Perrottet won’t reopen NSW early, slams ‘sad’ criticisms of his religion

Incoming NSW Premier Dominic Perrottet won’t rush to reopen the state early, committing to changes scheduled for Monday, despite speculation he might bring forward the lockdown’s end.

But after an emphatic victory in the Liberal party room ballot on Tuesday, Mr Perrottet – who previously opposed extending Sydney’s lockdown – said he “will obviously look at the roadmap”, not ruling out tinkering with Gladys Berejiklian’s plans.

“My intention at this stage is that that day will remain on Monday for next week, but there are a number of issues that need to be looked at,” he told his first press conference as NSW Premier.

Following last week’s shock resignation of Ms Berejiklian, Mr Perrottet nominated as NSW Liberal leader alongside the state’s Planning Minister, Rob Stokes. Mr Perrottet prevailed 39-5, with Stuart Ayres – the partner of federal Foreign Minister Marise Payne – becoming deputy party leader after running unopposed.

Under NSW’s reopening roadmap, the state will exit lockdown and gradually reopen hospitality, shops and entertainment from the first Monday after 70 per cent adult double vaccination rates are reached. That set for October 11, with NSW at 67.5 per cent vaccination as of Monday.

Mr Perrottet and deputy Stuart Ayres after the leadership ballot. Photo: AAP

But some had speculated that Mr Perrottet, who reportedly advocated for a looser lockdown and faster reopening, might look to speed up that timetable upon becoming premier.

On Tuesday, he said he would meet with the state’s crisis cabinet to re-examine the roadmap.

“After the swearing-in, I will sit down with [Health] Minister [Brad] Hazzard and the health team alongside Minister Ayres and members of the crisis cabinet to have a discussion in relation to the roadmap,” Mr Perrottet said.

“But obviously, this is early days and we have done so well and my intention at this stage is that that day will remain on Monday for next week, but there are a number of issues that need to be looked at.”

“We are at an important juncture. On Monday, the state opens up and we want to get people back into work, get business open again, and that is the focus of our government today.”

Mr Perrottet has previously advocated for all NSW citizens to regain freedoms at the same time, regardless of their vaccination status, once targets are reached. Under NSW’s current roadmap, double-vaccinated people will have their restrictions eased from Monday, but those who haven’t been vaccinated must wait until December to access hospitality and retail.

Mr Perrottet said he would look to a wider ministry reshuffle sometime during the summer. Ahead of that, Environment Minister Matt Kean will replace him in the treasury portfolio.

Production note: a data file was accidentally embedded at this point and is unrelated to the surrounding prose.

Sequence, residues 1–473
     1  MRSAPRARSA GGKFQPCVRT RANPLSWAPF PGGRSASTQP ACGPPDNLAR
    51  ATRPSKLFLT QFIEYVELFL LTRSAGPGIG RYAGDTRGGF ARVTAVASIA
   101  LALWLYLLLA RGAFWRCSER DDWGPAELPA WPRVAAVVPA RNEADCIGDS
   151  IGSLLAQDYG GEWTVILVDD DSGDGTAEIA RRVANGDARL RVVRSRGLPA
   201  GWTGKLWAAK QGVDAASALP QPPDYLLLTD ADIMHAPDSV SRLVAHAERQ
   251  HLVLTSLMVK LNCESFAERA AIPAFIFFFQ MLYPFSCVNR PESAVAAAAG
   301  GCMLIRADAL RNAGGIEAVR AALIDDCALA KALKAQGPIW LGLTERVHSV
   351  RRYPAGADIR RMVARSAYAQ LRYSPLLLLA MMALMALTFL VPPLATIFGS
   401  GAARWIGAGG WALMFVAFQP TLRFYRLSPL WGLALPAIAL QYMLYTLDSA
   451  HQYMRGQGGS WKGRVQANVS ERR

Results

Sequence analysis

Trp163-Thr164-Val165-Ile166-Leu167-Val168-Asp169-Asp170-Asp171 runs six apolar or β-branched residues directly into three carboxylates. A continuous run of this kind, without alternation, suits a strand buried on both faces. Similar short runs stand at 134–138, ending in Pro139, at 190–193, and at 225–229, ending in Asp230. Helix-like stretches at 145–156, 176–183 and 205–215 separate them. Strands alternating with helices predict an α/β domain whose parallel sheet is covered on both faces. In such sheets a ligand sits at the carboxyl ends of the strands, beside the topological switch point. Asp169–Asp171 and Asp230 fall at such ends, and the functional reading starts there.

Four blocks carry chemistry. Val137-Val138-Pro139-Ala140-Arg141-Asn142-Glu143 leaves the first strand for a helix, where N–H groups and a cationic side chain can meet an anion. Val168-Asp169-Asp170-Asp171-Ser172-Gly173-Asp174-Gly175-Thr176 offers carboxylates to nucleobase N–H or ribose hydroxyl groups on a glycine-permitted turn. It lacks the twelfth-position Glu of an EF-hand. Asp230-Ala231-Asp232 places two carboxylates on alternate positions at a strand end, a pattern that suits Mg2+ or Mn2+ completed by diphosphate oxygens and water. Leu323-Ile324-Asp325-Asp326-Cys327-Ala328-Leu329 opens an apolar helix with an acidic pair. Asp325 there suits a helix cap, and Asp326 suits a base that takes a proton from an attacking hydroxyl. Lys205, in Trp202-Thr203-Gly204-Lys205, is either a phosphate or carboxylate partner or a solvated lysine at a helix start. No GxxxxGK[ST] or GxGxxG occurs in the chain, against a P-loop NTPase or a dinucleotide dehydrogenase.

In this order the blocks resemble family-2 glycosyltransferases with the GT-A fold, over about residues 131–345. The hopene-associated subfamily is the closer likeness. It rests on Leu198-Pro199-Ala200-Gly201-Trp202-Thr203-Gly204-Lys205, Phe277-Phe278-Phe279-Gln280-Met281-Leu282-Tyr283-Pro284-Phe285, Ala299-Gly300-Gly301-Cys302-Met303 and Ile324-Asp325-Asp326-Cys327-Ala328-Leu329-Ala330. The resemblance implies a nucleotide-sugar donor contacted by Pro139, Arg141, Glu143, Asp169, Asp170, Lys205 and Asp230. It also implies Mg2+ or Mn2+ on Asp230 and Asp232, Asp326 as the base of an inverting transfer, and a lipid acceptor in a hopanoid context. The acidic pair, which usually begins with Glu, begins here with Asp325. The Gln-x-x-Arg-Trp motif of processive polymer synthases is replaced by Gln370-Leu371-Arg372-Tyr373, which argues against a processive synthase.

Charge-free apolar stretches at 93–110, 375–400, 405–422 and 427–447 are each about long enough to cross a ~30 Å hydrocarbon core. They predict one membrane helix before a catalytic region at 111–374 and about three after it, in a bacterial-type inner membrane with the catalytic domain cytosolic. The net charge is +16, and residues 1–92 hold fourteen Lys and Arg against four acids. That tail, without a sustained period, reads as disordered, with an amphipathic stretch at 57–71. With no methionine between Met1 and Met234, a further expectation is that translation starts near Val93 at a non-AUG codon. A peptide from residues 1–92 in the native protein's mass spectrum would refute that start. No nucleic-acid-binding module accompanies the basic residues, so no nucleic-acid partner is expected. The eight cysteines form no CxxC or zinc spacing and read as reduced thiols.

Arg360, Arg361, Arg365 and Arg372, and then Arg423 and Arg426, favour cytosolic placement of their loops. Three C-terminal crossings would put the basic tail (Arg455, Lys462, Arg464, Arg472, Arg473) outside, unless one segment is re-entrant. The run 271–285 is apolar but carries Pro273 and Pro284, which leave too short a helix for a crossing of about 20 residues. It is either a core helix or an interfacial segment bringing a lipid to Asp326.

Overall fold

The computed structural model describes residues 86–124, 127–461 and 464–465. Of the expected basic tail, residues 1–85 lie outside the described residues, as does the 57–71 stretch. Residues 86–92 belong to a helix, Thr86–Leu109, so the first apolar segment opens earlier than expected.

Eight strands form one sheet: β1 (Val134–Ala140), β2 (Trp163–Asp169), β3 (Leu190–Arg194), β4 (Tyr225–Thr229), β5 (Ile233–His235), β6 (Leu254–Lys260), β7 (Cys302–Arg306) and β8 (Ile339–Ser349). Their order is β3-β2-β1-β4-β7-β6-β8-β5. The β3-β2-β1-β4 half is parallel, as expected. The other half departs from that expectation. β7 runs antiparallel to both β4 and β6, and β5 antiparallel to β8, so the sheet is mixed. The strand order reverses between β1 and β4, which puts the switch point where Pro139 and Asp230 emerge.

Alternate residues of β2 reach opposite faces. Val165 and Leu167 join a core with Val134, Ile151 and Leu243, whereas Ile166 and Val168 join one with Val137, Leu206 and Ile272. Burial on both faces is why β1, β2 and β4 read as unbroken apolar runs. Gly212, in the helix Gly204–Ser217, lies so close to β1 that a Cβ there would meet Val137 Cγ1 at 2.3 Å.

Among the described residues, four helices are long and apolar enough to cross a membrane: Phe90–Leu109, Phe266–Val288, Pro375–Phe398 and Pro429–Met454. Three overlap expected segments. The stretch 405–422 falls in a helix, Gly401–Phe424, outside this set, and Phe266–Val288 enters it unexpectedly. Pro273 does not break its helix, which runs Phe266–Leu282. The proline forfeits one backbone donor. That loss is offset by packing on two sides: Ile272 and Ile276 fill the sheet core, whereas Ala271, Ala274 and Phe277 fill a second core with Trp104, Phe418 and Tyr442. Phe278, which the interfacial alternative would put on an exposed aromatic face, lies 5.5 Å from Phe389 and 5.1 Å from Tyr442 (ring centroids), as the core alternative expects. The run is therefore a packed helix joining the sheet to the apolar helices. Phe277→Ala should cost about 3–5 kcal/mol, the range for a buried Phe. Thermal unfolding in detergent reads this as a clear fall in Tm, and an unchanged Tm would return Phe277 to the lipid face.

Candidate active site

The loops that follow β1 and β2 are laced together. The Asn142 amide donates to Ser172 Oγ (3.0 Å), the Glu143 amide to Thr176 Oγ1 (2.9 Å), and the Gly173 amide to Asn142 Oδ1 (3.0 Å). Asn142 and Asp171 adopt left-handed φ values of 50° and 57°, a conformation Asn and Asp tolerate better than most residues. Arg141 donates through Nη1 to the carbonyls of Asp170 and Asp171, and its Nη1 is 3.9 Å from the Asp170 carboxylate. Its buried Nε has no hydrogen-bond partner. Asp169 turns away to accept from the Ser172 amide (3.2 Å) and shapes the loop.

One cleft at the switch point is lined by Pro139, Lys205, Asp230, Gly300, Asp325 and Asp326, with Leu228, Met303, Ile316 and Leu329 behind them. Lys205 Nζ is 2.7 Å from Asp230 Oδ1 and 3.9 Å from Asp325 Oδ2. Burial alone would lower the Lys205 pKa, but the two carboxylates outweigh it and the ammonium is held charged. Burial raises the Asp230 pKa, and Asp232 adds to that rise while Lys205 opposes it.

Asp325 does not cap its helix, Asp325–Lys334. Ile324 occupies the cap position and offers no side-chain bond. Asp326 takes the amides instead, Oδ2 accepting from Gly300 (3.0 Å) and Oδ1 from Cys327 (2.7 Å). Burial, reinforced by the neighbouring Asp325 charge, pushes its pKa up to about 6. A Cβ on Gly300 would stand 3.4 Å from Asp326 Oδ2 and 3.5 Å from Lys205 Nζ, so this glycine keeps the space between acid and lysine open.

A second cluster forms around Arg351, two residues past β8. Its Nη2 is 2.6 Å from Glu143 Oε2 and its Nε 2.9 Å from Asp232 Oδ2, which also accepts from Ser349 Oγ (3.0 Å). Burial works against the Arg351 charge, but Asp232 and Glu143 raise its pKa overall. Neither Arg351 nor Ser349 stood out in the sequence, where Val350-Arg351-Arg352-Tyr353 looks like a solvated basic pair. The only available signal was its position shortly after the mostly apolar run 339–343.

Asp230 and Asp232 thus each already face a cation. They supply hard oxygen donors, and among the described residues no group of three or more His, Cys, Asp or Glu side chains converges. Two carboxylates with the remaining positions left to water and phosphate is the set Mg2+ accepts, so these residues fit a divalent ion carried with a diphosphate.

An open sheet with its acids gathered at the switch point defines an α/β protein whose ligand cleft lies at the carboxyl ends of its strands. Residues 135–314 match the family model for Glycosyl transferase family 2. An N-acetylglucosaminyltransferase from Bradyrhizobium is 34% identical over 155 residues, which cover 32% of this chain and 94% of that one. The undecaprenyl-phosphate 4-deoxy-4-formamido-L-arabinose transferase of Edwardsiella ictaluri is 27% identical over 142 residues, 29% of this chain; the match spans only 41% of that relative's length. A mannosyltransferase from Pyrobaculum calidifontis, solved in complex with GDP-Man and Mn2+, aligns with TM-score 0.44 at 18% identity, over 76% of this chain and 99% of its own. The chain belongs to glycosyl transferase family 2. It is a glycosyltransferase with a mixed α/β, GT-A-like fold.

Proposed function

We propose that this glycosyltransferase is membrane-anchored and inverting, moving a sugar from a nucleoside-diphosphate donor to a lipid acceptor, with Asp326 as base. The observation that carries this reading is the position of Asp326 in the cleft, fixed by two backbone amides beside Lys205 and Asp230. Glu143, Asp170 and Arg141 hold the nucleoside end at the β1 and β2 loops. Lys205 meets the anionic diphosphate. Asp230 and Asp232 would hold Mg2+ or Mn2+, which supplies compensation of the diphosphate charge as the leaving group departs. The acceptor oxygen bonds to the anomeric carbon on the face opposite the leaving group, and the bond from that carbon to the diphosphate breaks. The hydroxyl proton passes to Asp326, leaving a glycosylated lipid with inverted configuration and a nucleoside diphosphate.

The new premier comes from the conservative wing of the Liberal Party, and is expected to cut a far more socially traditionalist swathe than his predecessor, the moderate Ms Berejiklian. A devout Catholic, he opposed decriminalising abortion, and called Donald Trump’s 2016 US presidential win “a victory for people who have been taken for granted by the elites”.

On Tuesday, Mr Perrottet said he was “incredibly proud” of his faith, and criticised those who had questioned how it interacted with his political positions.

Gladys Berejiklian
Ms Berejiklian quit last week. Photo: AAP

“We live in a very diverse society. I think some of the criticism in relation to that diversity has been unfounded,” he said.

“I love our state and I love the diversity and the multicultural backgrounds and the religious backgrounds. Diversity should be celebrated. It should not be criticised. People should judge people on who they are and what they say, not based on some religious element, and I am very proud of the fact that I have a strong Christian faith.”

“Does that in any way take away my capacity to serve as premier? Well, I do not think so, and I think it is a sad thing that some people do, but I think people right across our state, in the main, believe in freedom of religion and freedom of the opportunity to serve in public life regardless of what your ethnic background and what your religious values are.”

Despite reports of previous spectacular blow-ups with Prime Minister Scott Morrison, Mr Perrottet said the pair had “a very constructive relationship”.

The Nine newspapers reported in August that the duo squared off on a video call over Mr Perrottet’s push for greater financial support for lockdown areas, with reports Mr Morrison “let loose, hurling the F-bomb at Perrottet”.

Mr Perrottet seemingly confirmed the reports on Tuesday, calling Mr Morrison “a passionate guy” and saying “from time to time, you’re not always going to agree”.

“But disagreements aren’t necessarily a bad thing,” he said.

Mr Perrottet also distanced himself from federal government criticisms of the ICAC process that led to Ms Berejiklian’s resignation. Just hours earlier, Mr Morrison said he didn’t want to see NSW’s integrity commission model replicated on the federal level, criticising its approach and claiming it was “a pretty good call not to follow that model”.

Other federal ministers, including deputy PM Barnaby Joyce, have also been scathing of ICAC.

But Mr Perrottet said he had no issues with the commission’s operation, saying he had no plans to “reform” ICAC.

“The integrity agencies, the ICAC, have an important role to play. They will do their work, and their work should be respected,” he said.


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